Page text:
James #155610 v. Jones, No. 4:2001cv00098 - Document 164 (W.D. Mich. 2017)

Court Description: OPINION AND ORDER; signed by District Judge Paul L. Maloney (Judge Paul L. Maloney, cmc)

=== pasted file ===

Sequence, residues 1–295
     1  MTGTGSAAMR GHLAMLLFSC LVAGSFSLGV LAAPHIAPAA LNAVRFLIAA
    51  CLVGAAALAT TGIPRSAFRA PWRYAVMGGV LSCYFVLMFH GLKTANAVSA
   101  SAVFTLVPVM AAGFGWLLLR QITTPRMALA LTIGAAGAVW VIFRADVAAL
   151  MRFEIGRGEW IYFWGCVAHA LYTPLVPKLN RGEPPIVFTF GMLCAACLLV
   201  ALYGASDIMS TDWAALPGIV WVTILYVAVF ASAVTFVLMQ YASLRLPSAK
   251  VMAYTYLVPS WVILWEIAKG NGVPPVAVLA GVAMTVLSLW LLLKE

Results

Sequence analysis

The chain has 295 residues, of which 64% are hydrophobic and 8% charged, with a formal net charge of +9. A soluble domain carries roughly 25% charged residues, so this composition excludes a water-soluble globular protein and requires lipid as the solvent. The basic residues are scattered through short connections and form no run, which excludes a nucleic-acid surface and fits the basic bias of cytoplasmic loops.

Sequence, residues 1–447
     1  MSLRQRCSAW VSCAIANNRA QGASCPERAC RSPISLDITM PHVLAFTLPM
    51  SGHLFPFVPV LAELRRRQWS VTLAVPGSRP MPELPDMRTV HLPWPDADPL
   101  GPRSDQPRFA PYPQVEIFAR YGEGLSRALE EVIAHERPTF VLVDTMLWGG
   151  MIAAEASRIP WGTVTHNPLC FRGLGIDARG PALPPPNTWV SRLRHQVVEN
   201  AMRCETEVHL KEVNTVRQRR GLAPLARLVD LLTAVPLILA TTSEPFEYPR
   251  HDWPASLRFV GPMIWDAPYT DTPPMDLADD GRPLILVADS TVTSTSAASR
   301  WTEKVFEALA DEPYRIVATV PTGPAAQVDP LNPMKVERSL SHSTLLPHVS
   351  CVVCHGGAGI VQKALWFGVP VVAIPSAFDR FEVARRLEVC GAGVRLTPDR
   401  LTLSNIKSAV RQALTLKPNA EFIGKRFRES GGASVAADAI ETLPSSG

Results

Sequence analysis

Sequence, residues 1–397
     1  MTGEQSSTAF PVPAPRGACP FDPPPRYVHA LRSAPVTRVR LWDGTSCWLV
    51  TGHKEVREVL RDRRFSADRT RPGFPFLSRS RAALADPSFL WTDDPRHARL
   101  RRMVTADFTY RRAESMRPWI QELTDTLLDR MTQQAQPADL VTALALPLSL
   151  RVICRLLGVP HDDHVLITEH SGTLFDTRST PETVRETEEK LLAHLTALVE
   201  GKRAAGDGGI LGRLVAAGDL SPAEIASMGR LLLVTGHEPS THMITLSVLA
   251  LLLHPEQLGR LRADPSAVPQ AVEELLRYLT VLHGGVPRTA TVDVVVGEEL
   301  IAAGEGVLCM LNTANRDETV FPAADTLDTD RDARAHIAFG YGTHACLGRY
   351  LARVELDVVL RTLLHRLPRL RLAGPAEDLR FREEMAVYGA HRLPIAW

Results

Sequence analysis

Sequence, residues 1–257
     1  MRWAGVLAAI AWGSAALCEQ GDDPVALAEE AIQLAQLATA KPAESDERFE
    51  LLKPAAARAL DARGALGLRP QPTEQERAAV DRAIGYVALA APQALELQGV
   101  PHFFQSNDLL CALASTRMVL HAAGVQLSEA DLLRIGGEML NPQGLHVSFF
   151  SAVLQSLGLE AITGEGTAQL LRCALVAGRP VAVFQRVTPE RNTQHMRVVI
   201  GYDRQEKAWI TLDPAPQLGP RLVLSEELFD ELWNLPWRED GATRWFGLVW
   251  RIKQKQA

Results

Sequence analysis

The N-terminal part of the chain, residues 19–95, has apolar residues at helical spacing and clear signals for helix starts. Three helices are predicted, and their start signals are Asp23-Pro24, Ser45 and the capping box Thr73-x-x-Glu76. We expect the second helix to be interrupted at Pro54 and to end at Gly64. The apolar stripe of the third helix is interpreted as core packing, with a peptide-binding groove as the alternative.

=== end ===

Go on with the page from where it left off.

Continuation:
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James #155610 v. Jones Doc. 164 UNITED STATES DISTRICT COURT WESTERN DISTRICT OF MICHIGAN SOUTHERN DIVISION SHENVISKY JAMES, Petitioner, ) ) ) -v) ) ) KURT JONES, Respondent. ) _________________________________) No. 4:01-cv-098 HONORABLE PAUL L. MALONEY OPINION AND ORDER I. Background This case remains puzzlingly pending; and thus, the present motion is in a particularly peculiar procedural posture. In June 2001, Petitioner Shenvisky James filed a petition under 28 U.S.C. § 2254, alleging a battery of claims. On July 28, 2004, after some time and several orders resolving a battery of motions, Magistrate Judge Ellen Carmody issued a report and recommendation, recommending that James’ petition be stayed because he “failed to properly exhaust all of the [then remaining] claims asserted in his petition.” (ECF No. 117 at *18.) Understandably, James protested: since he had already filed one motion for relief from judgment (ECF No. 63 at A.119 (“Appendix G”)), being sent to state court was, in his view, an exercise in futility and not legally required. Nonetheless, Judge Richard Enslen, this Court’s predecessor, overruled James’ objections, and “directed” him to “comply with the Palmer procedures as more particularly described at pages 18 and 19 of the Report and Recommendation.” (ECF No. 117 at *2.) 1 Dockets.Justia.com Thereafter, James continued filing motions, necessitating an order denying reconsideration and enjoining “further filings by Petitioner pending his compliance with the Palmer procedures as explained in the Report and Recommendation with the following exceptions: motions as to his ongoing appeal or other proper appeals; and a single motion for reconsideration concerning this Order and Injunction.” (ECF No. 135 at PageID.83.) Thereafter, James appealed to the Sixth Circuit. The Circuit observed that “[t]he magistrate judge recommended that the district court follow the stay procedure provided within this court’s decision in Palmer v. Carlton, 276 F.3d 777, 781 (6th Cir. 2002), to permit James to elect to either abandon the unexhausted claims or have the matter stayed pending exhaustion of state-court remedies as to the unexhausted claims,” and “the district court adopted the magistrate judge’s report and recommendation.” (ECF No. 147 at PageID.142.) But the Circuit did not (and could not) directly address the merits of that decision to stay proceedings, and his appeal was denied as to James’ motion for bond and other ancillary motions. (Id. (“All pending motions are denied.”)). His subsequent motion for reconsideration was also denied by Judge Enslen. (See ECF No. 145.) After a denial of his petition for writ of certiorari was denied (ECF No. 150–51), James seemingly disappeared. And James’ case dropped off the Court’s radar in part because the action was (erroneously) administratively closed. Nearly a decade later, James suddenly reappeared: on September 14, 2015, James filed a motion for relief from judgment in this Court. He included a copy of an order from state court showing he was correct all along: the order denied his motion for relief from judgment because, as James had previously argued, it was his second. (ECF No. 157.) 2 However, since he had neither filed an amended complaint nor sought to exhaust his remedies in state court in a timely fashion, i.e., “the Palmer procedures” (ECF No. 135 at PageID.83), the Magistrate Judge struck the instant motion because Judge Enslen’s injunction had never lifted. (ECF No. 151; see ECF No. 135.) Thus, James filed an appeal of that determination, which is the subject of this order. (See ECF Nos. 157, 161, 162.) Despite Petitioner’s delay in returning to this Court, it’s clear that he should never have been exiled to state court in the first place. And because neither a final order dismissing this action nor judgment ever entered, Petitioner is entitled to proceed with his habeas claims. II. Analysis A. Procedural Posture of and Objections to the Motion. Petitioner seeks relief from the Magistrate Judge’s order under Fed. R. Civ. P. 72(a). Rule 72(a) allows a party to seek relief from a magistrate judge’s order by filing objections in the district court where the case is assigned; the district court “must consider timely objections” to a nondispositive order, but typically may only “modify or set aside any part of the order that is clearly erroneous or is contrary to law.” Fed. R. Civ. P. 72(a); see 28 U.S.C. § 636(b)(1)(A); see also Massey v. City of Ferndale, 7 F.3d 506, 509 (6th Cir. 1993). However, that is not the appropriate standard of review for the order. Per the express terms of Judge Enslen’s injunction, Petitioner was not allowed to file a successive motion for reconsideration of the underlying order. (See ECF Nos. 135 at PageID.83, 145 at PageID.138–39.) The Magistrate Judge, thus, simply enforced an injunction that she was required to enforce at the time. 3 The Magistrate Judge’s sua sponte docketing order enforcing a filing injunction by striking a motion is best understood as an order taken consistent with 28 U.S.C. § 636(b)(3) (“A magistrate judge may be assigned such additional duties as are not inconsistent with the Constitution and laws of the United States.”).1 With respect to § 636(b)(3), “[t]he [Federal Magistrates] Act’s sponsors made it quite clear that the magistrate acts ‘under the supervision of the district judges’ . . . and that authority for making final decisions remains at all times with the district judge.” Mathews v. Weber, 423 U.S. 261, 270 (1976) (quoting S. Rep. No. 371, at 12 (1967)); see id. (quoting Hearings on the Federal Magistrates Act Before Subcomm. No. 4 of the H. Comm. on the Judiciary, 90th Cong. 73 (1968) (testimony of Sen. Tydings)) (“[A] district judge would retain ultimate responsibility for decision making in every instance in which a magistrate might exercise additional duties jurisdiction.”). The injunction itself was a legally permissible exercise of authority. “Courts of justice are universally acknowledged to be vested, by their very creation, with power to impose silence, respect, and decorum, in their presence, and submission to their lawful mandates.” Anderson v. Dunn, 6 Wheat. 204, 227 (1821); accord. Chambers v. NASCO, Inc., 501 U.S. 32, 43 (1991). 1 Moreover, because the motion sought reconsideration of Judge Enslen’s prior order adopting a report and recommendation, the Magistrate Judge could have, at most, substantively addressed the motion for reconsideration of the order through a report and recommendation. See, e.g., Parks By and Through Parks v. Collins, 761 F.2d 1101, 1105–07 (5th Cir. 1985) (holding that a magistrate judge lacked authority to decide a Rule 60(b) motion to set aside a default judgment entered by a district judge absent consent of the parties and a referral by the district court); Taylor v. Nat’l Group of Co.’s, Inc., 765 F. Supp. 411, 413–14 (N.D. Ohio 1990) (“It is simply not the case that a magistrate’s jurisdiction is, by fiat, somehow merged with that of the district judge to an extent sufficient to vest the magistrate with the authority to reconsider and set aside or alter prior decisions of the district judge.”). That would mean that the Court otherwise would have reviewed the underlying motion de novo. 4 Nonetheless, the Court must remain mindful that “[b]ecause of their very potency, inherent powers must be exercised with restraint and discretion.” Chambers, 501 U.S. at 44. And in any event, “a district court ordinarily has the power to modify or rescind its orders,” including injunctions, “at any point prior to final judgment in a civil case.” Dietz v. Bouldin, 136 S. Ct. 1885, 1892 (2016) (citing Marconi Wireless Telegraph Co. of America v. United States, 320 U.S. 1, 47–48 (1943)); see, e.g., F.T.C. v. British Oxygen Co., 437 F. Supp. 79, 83 n.8 (D. Del. 1977) (citing United States v. Swift & Co., 286 U.S. 106, 114 (1932)) (“There is no doubt that the Court has the inherent power to modify or dissolve a[n] . . . injunction whose purpose has been fulfilled or as changing conduct or circumstances may require.”). After a full examination of Petitioner’s motion, along with a full reexamination of this case and its tortured procedural history, the Court finds that the injunction dated November 10, 2004 should be dissolved because Petitioner should not have had to “compl[y] with the Palmer procedures” to begin with. (ECF No. 135 at PageID.83.) The Court will more fully detail the reasons for its conclusion in Part II.b. In light of the Court’s decision to dissolve the injunction, which is consistent with its inherent authority, see Dietz, 136 S. Ct. at 1892, the motion should not remain stricken on the docket, and the Magistrate Judge’s order that simply enforced the injunction is no longer necessary or appropriate. Accordingly, Judge Enslen’s injunction dated November 10, 2004 is hereby lifted. (ECF No. 135.) Petitioner’s objection is sustained in part (ECF No. 162), and the Court orders the underlying motion to be reinstated to the docket. The Court will now consider the merits of Petitioner’s motion to determine whether an order of dismissal and judgment should now enter or the case should otherwise proceed. 5 B. Petitioner’s Motion. 1. The motion is properly construed as a motion seeking reconsideration under the Local Rules and the Court’s inherent authority. First, the Court must address the procedural posture of this motion and case. The underlying motion was brought under Fed. R. Civ. P. 60(b). However, “Rule 60(b) [is] limited to review of orders that are independently ‘final decisions’ under 28 U.S.C. § 1291.” Kapco Mfg. Co., Inc. v. C & O Enters., Inc., 773 F.2d 151, 154 (7th Cir. 1985); see id. (“The Advisory Committee’s notes say that the Rule was devised to give the district court a power of revisitation it had lacked. A court always had the power to modify earlier orders in a pending case. Therefore ‘final’ in Rule 60(b) must modify ‘order, or proceeding’ as well as ‘judgment.’”). Here, the Court’s order and injunction, dated November 10, 2004, was almost certainly not a “final order” that could have been immediately appealed to the Court of Appeals because that order merely stayed proceedings pending James’ compliance with the Palmer procedures. See, e.g., Swanson v. DeSantis, 606 F.3d 829, 832 (6th Cir. 2010) (concluding a state could not appeal the denial of a motion to stay proceedings so petitioner could exhaust claims under § 2254 in state court) (“Although some orders described as ‘stays’ may have the practical effect of an injunction and thus qualify for appeal under § 1292(a)(1), . . . stay orders that merely regulate the course of proceedings do not qualify . . . . ‘An order by a federal court that relates only to the conduct or progress of litigation before that court ordinarily is not considered an injunction and therefore is not appealable under § 1292(a)(1).’” (quoting Gulfstream Aerospace Corp. v. Mayacamas Corp., 485 U.S. 271, 279 6 (1989))); see also Charles Alan Wright & Arthur R. Miller, 15A Federal Practice & Procedure § 3914.13 (2d ed. 1992) (“Stays . . . used to regulate the court’s own proceedings or to accommodate the needs of parallel proceedings . . . are no more appealable than other interlocutory procedural orders.”).2 The Magistrate Judge’s order striking the underlying motion pursuant to the 2004 injunction reflects a consistency with the puzzlingly pending nature of this case. (See ECF No. 161 at PageID.254 (“Petitioner’s motion for relief . . . [is] stricken from the record and rejected pursuant to Judge Richard Alan Enslen’s November 10, 2004 Order.”).) Thus, the Court will construe this motion as one that falls under W.D. Mich. LCivR 7.4 and the Court’s inherent authority. See Erickson v. Pardus, 551 U.S. 89, 94 (2007) (“A document filed pro se is to be liberally construed . . . .”); cf. Fed. R. Civ. P. 8(f) (“All pleadings shall be so construed as to do substantial justice.”). This distinction matters in part because, as the Court will now discuss, motions under Rule 60(b) must be filed in a “reasonable time,” 3 whereas motions for reconsideration do not have time limits because a final order or judgment has not yet entered. 2 Federal Rule of Appellate Procedure 4(a), which has a 210-day outer time limit for an appeal, would not apply here because neither judgment nor the order dismissing for lack of exhaustion entered. Compare Gillis v. United States, 729 F.3d 641, 643 (6th Cir. 2013) (noting that in a case brought under § 2255, where an opinion and order denying the petition had issued but judgment had not, petitioner had 150 days under Fed. R. App. P. 4(a)(7) plus the standard 60 days in which to file an appeal). 3 James would have been untimely with his motion as to Rule 60(b)(1) (“mistake, inadvertence, surprise, or excusable neglect”) and (3) (“fraud”) because he failed to file it within one year of the order; he further would have been untimely under Rule 60(b)(6) because a waiting a decade was unquestionably “unreasonable.” See Fed. R. Civ. P. 60(c) (“A motion under Rule 60(b) must be made within a reasonable time—and for reasons (1), (2), and (3) no more than a year after the entry of the judgment or order or the date of the proceeding.”). 7 2. The Court will consider the motion despite an extended delay. Given James’ decade-long delay, the Court could have perhaps dismissed this action for failure to prosecute under Federal Rule of Civil Procedure 41(b).4 However, neither the Court nor the State took any action during that time period either. The Court did not follow up with an order dismissing this action for lack of exhaustion, and the State did not seek an order of dismissal and judgment after James failed to follow the Palmer procedures in a timely manner. Thus, the Court will decline to sua sponte dismiss the motion and case at this point. This is the appropriate exercise of this Court’s discretion for a few reasons: 1) there is no per se time-bar to Petitioner’s motion; 2) this constitutional action seeks relief under the Great Writ; 3) petitioner is proceeding pro se and he was still pursuing his rights in what he believed to be a necessary (and timeconsuming) manner; and 4) Petitioner’s argument for reconsideration is meritorious. First, a motion for reconsideration requires separate analysis from a Rule 60(b) motion. See In re Greektown Holdings, LLC, 728 F.3d 567 (6th Cir. 2013) (noting that “[w]hen a party files a motion for reconsideration pursuant to . . . [a] local rule, we review the district court’s ruling on the motion using the standard set forth in the local rule”). In addition, “a district court ordinarily has the power to modify or rescind its orders at any point prior to final judgment in a civil case.” Dietz, 136 S. Ct. at 1892. 4 “It is well settled that a district court has the authority to dismiss sua sponte a lawsuit for failure to prosecute.” Carpenter v. City of Flint, 723 F.3d 700, 704 (6th Cir. 2013). Courts must consider four factors when considering dismissal for failure to prosecute: “(1) whether the party’s failure is due to willfulness, bad faith, or fault; (2) whether the adversary was prejudiced by the dismissed party’s conduct; (3) whether the dismissed party was warned that failure to cooperate could lead to dismissal; and (4) whether less drastic sanctions were imposed or considered before dismissal of the action.” Id. (citing Mulbah v. Detroit Bd. of Educ., 262 F.3d 586, 589 (6th Cir. 2001)). 8 Neither Local Rule 7.4 nor any limits to the Court’s inherent authority provide a timebar to Petitioner’s motion. And because neither an order dismissing this action for lack of exhaustion nor judgment entered, the traditional “balance” between “the interest in justice with the interest in protecting the finality of judgments” does not apply. Summers v. Howard Univ., 374 F.3d 1188, 1193 (D.C. Cir. 2004) (discussing the appropriate standard for reconsideration of final orders and judgments under Rule 60(b)); see supra note 2. Second, the Court must keep in mind that “[t]he purpose of the writ of habeas corpus ad subjiciendum (sometimes called The Great Writ) is to inquire as to the legality of the prisoner’s restraint.” Carbo v. United States, 277 F.2d 433, 435 (9th Cir. 1960). Decades ago, the Supreme Court affirmed the importance of hearing a prisoner’s petition: We do well to bear in mind the extraordinary prestige of the Great Writ, habeas corpus ad subjiciendum, in Anglo-American jurisprudence: “the most celebrated writ in the English law.” 3 Blackstone Commentaries 129. It is “a writ antecedent to statute, and throwing its root deep into the genius of our common law. It is perhaps the most important writ known to the constitutional law of England, affording as it does a swift and imperative remedy in all cases of illegal restraint or confinement. It is of immemorial antiquity, an instance of its use occurring in the thirty-third year of Edward I.” Secretary of State for Home Affairs v. O'Brien, (1923) A.C. 603, 609 (H.L.). Received into our own law in the colonial period, given explicit recognition in the Federal Constitution, Art. I, § 9, cl. 2, incorporated in the first grant of federal court jurisdiction, Act of September 24, 1789, 1 Stat. 81—82, habeas corpus was early confirmed by Chief Justice John Marshall to be a “great constitutional privilege.” Ex parte Bollman and Swartwout, 4 Cranch 75, 95 (1807). Only two Terms ago this Court had occasion to reaffirm the high place of the writ in our jurisprudence: ‘We repeat what has been so truly said of the federal writ: ‘there is no higher duty than to maintain it unimpaired,’ Bowen v. Johnston, 306 U.S. 19, 26 (1939) . . . . Fay v. Noia, 372 U.S. 391, 399–400 (1963), overruled in part by Wainwright v. Sykes, 433 U.S. 72 (1977). 9 The Court expresses no opinion on the possible procedural default or merits of his claims, but if any claim is meritorious, Petitioner would suffer a grave constitutional wrong by an unwarranted delay and dismissal without a federal court ever considering his claims. Third, Petitioner is proceeding pro se, which warrants additional caution. See, e.g., Streeter v. N.L.R.B., 835 F.2d 879, at *1 (6th Cir. 1987) (table) (citing Salahuddin v. Harris, 782 F.2d 1127, 1132 (2d Cir. 1986)) (“Dismissal for failure to prosecute is a harsh sanction . . . . Dismissal of pro se lawsuits is justified only when the pro se plaintiff acts deliberately, not when he does so through misunderstanding.”). In this case, as the Court will more fully discuss in Part II.B.3, Petitioner knew he had already filed one motion for relief from judgment. Thus, in his view, he had to go on a “10– 11 year journey” to find “newly discovered evidence”—one of two narrow exceptions that allows Michigan courts to consider a second motion for relief from judgment. While Petitioner’s delay was perhaps unreasonable—because he could have at least attempted to file a second motion in state court in a timely fashion—so too was the Court’s and the State’s actions in failing to dispose of the case. And since the State’s exhaustion argument and the Court’s decision were also unreasonable, it’s difficult to fault only a pro se Petitioner here.5 In that vein, and finally, the strongest reason to consider this motion now despite a long delay is simply this: Petitioner was correct all along; he should never have been required to follow Palmer procedures. 5 In addition, since neither a final order nor judgment entered, see supra note 3, Petitioner would have had the opportunity to appeal now had the Court dismissed for lack of prosecution. Since Petitioner never had the opportunity to raise the issue of whether the Palmer procedures were required in the first place, it’s possible that the Sixth Circuit would have reversed the Court’s judgment on that issue and remanded for further proceedings because Petitioner should not have been required to attempt further exhaustion. 10 3. The standard for reconsideration has been met. Under Local Civil Rule 7.4(a), the party moving for reconsideration bears a heavy burden to “not only demonstrate a palpable defect by which the Court and the parties have been misled, but also show that a different disposition of the case must result from a correction thereof.” W.D. Mich. LCivR 7.4(a) (emphasis added). However, in exceptional circumstances, the Court also retains inherent authority to reconsider its prior orders on its own initiative without the need to resort to such an exacting standard. See Dietz, 136 S. Ct. at 1892. The original Report and Recommendation, as fully adopted by Judge Enslen—which is the subject of James’ motion—instructed Petitioner to follow the Palmer procedures: I recommend that within 30 days of the order of the district court resolving any objections to this Report and Recommendation, Petitioner must either (a) file an amended petition containing only the exhausted claim or (b) return to state court to exhaust his administrative remedies as to his unexhausted claims. I also recommend that if Petitioner returns to state court within 30 days, he must file with this court within 45 days of the order of the district court (referred to immediately above) an affidavit setting forth the date on which he filed a motion for relief from judgment in the state court and the claims raised in that motion. If Petitioner fails either to amend his petition or to file the affidavit concerning the filing of his state-court motion, I recommend that his petition be dismissed for lack of exhaustion. Upon receipt of Petitioner’s affidavit, I recommend that this Court stay this matter and administratively close this case until Petitioner properly exhausts his state-court remedies. Once Petitioner has exhausted his state-court remedies, I recommend that he be required to file an amended petition adding his newly exhausted claims with this court within 30 days of final decision by the Michigan Supreme Court. (ECF No. 105 at *17, adopted by ECF No. 135.) However, the very basis in the Report and Recommendation for requiring Petitioner to follow these Palmer procedures constitutes a “palpable defect by which the Court . . . [was] misled”: 11 Petitioner has at least one available procedure by which to raise the unexhausted issues he has presented in this application. He may file a motion for relief from judgment under M.C.R. 6.500 et seq. Under Michigan law, one such motion may be filed after August 1, 1995. M.C.R. 6.502(G)(1). Petitioner has not yet filed his one allotted motion. Therefore, I conclude that he has at least one available state remedy. (Id. at *16, adopted by ECF No. 135.) At the time the Report and Recommendation entered, Petitioner had already submitted a copy of an order denying his first motion for relief from judgment. (See ECF No. 63 at A.116 (“Appendix G”).) That document was apparently overlooked. In addition, after Petitioner finally went back to state court, his contention that he had already filed a motion for relief from judgment (and thus relief was not available in state court) was validated because a state judge denied Petitioner relief because the motion was his second seeking relief from judgment. (See ECF No. 157-13 at PageID.240 (“Thus, absent a showing of a retroactive change in the law that occurred after the first motion or a claim of newly discovered evidence, Defendant’s averments are doubly barred . . . .”).) The Sixth Circuit has recently affirmed that “Michigan law does not allow the filing of second motions for post-conviction relief, with two exceptions not applicable [here]”: Michigan law, instead of imposing a time limit on successive motions, flatly forbids them, unless they fall within two narrow exceptions: motions based on (1) “a retroactive change in law that occurred after the first motion for relief from judgment,” or (2) “a claim of new evidence that was not discovered before the first such motion.” M.C.R. 6.502(G)(2). Because impermissible successive motions cannot be filed, they cannot be “accepted” by the state court and thus are not “properly filed” for tolling purposes under § 2244(d)(2). Williams v. Birkett, 670 F.3d 729, 733 (6th Cir. 2012). The Court reasoned that “M.C.R. 6.502(G)(1) is ‘a condition to filing, as opposed to a condition on obtaining relief,’ because 12 like the timeliness rule in Pace, Michigan’s rule against successive motions prevents a second petition from even being considered by the court.” Id. (quoting Artuz v. Bennett, 531 U.S. 4, 11 (2000) and citing Pace v. DiGuglielmo, 544 U.S. 408, 413 (2005)). For the same reason that filing a second motion for relief from judgment does not toll AEDPA’s one-year time limitation, a petitioner should not be forced to follow the Palmer procedures when he has already filed one motion for relief from judgment—unless the claims involve one of the two permissible exceptions under M.C.R. 6.502(G)(2). See, e.g., Birkett, 670 F.3d at 730; Ambrose v. Romanowski, 621 F. App’x 808, 815 (6th Cir. 2015) (“Because [the petitioner] failed to properly exhaust his current argument in state court, and he no longer has a state-court remedy available since he has already filed a motion for relief from judgment under Mich. Ct. R. 6.502(G)(1), his claim is procedurally defaulted.”); see also Rhines v. Weber, 544 U.S. 269, 277 (2005) (advising district courts that “stay and abeyance should be available only in limited circumstances”—“when the district court determines that there was good cause for the petitioner’s failure to exhaust his claims first in state court” and determines his claims are not “plainly meritless”). If a petitioner cannot even obtain equitable tolling by filing a second motion for relief from judgment, see Birkett, 670 F.3d at 730, how can a court tell him to do just that to attempt exhaustion on the merits?6 The Court’s prior conclusion that “petitioner has not yet filed his one allotted motion [for relief from judgment]” (ECF No. 105 at *16) was unquestionably a “palpable defect by 6 The Court appreciates that its predecessor and the Magistrate Judge did not have the benefit of Birkett, Pace, and Rhines in 2004, where the state of the law may have been unsettled in light of arguably contradictory language in the Michigan Court Rules. Compare M.C.R. 6.502(G)(1) with 6.508(D) (discussing the “failure to raise such grounds [for relief] on appeal or in the prior motion” (emphasis added)). But the Sixth Circuit has since clarified M.C.R. 6.502(G). See, e.g., Birkett, 670 F.3d at 730; Romanowski, 621 F. App’x at 815; 13 which the Court . . . [was] misled.” (Compared id. with ECF No. 63 at A.116 (“Appendix G”)). Thus, forcing Petitioner to go to state court to “exhaust” claims was legally erroneous. Because at least some of these claims need to be examined—as opposed to dismissed for lack of exhaustion—a “different disposition,” at least in one sense, “must result” from the Court’s prior “palpable defect.” Thus, the Court grants Petitioner’s plea for reconsideration. With all of that said, the Court does not express any opinion as to whether some of Petitioner’s claims are procedurally defaulted (as opposed to not exhausted). See Coleman v. Thompson, 501 U.S. 722, 732 (1991); accord. Cone v. Bell, 243 F.3d 961, 967 (6th Cir. 2001) (“If the claims presented in the federal court were never actually presented in the state courts, but a state procedural rule now prohibits the state court from considering them, the claims are considered exhausted, but are procedurally barred.”); see also, e.g., Bechtol v. Pelesnik, 568 F. App’x 441, 447 (6th Cir. 2014) (finding that claims were procedurally defaulted under similar circumstances). The State may make an argument sounding in procedural default, but not exhaustion, from this point forward for appropriate claims. See Bell, 243 F.3d at 967. But cf. Kissner v. Palmer, 826 F.3d 898, 904 (6th Cir. 2016) (noting a petitioner may “avoid procedural default only by showing that there was cause for the default and prejudice resulting from the default, or that miscarriage of justice will result from enforcing the procedural default in the petitioner’s case”). The Magistrate Judge will then need to evaluate, with a fresh examination of the case file, which claims are procedurally defaulted and which claims can properly be considered on the merits. 14 ORDER Accordingly, for the reasons stated in the accompanying opinion, the Court hereby ORDERS the following: 1) the Clerk of Court shall administratively reopen this case; 2) the injunction issued on November 10, 2004 is hereby LIFTED (ECF No. 118); 3) Petitioner’s objection to the Magistrate Judge’s order striking his motion is SUSTAINED IN PART, and the Clerk of Court shall reinstate Petitioner’s motion to the docket (ECF No. 157); 4) Petitioner’s motion for reconsideration is GRANTED (ECF No. 157); 5) the prior order dated September 20, 2004 is hereby VACATED (ECF No. 117), the Magistrate Judge’s Report and Recommendation is REJECTED (ECF No. 105), and the petition is remanded back for a new report and recommendation; 6) the State must file an amended answer to the petition no later than thirty days from the entry of this order; and 7) the petition is hereby referred anew to the Magistrate Judge for a new Report and Recommendation, and this matter shall assume precedence, to a reasonable degree, over other pending matters in light of the long, unjustified delay Petitioner has faced. IT IS SO ORDERED. Date: March 10, 2017 /s/ Paul L. Maloney Paul L. Maloney United States District Judge 15